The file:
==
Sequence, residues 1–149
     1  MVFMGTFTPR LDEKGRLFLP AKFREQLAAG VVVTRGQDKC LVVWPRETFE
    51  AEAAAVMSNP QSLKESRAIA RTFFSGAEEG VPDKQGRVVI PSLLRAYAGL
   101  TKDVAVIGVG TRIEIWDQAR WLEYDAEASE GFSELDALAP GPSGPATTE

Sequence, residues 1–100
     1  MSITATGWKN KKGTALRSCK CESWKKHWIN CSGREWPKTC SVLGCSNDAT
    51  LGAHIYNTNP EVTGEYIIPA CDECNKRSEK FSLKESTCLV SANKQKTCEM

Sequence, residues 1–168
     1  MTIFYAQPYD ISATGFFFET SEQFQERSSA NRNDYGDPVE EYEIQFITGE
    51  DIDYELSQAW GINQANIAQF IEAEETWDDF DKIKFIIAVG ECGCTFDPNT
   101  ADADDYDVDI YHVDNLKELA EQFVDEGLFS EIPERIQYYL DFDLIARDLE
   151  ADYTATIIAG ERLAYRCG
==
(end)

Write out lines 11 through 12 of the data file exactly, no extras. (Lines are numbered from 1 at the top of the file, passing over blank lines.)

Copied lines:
   101  ADADDYDVDI YHVDNLKELA EQFVDEGLFS EIPERIQYYL DFDLIARDLE
   151  ADYTATIIAG ERLAYRCG